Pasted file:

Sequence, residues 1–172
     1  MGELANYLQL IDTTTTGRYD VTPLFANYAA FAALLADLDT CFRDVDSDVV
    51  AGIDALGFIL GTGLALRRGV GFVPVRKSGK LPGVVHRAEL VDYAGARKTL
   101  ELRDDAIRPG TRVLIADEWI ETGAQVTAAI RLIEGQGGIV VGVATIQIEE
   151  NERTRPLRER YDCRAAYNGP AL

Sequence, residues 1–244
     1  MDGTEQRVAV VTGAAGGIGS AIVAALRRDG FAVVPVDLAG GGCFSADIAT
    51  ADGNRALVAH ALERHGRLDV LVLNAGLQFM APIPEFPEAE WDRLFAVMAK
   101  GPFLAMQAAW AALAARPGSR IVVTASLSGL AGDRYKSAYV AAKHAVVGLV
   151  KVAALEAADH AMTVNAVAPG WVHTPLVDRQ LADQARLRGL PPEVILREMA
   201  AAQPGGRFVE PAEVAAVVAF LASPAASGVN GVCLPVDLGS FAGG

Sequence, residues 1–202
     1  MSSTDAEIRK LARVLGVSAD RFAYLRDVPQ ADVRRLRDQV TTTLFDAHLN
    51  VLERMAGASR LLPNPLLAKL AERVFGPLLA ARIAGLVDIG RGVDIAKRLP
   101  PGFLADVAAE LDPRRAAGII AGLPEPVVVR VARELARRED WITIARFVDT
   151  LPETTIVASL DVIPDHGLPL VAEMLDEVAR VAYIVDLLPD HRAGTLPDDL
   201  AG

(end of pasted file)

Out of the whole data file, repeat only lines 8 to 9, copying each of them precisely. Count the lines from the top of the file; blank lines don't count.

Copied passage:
    51  ADGNRALVAH ALERHGRLDV LVLNAGLQFM APIPEFPEAE WDRLFAVMAK
   101  GPFLAMQAAW AALAARPGSR IVVTASLSGL AGDRYKSAYV AAKHAVVGLV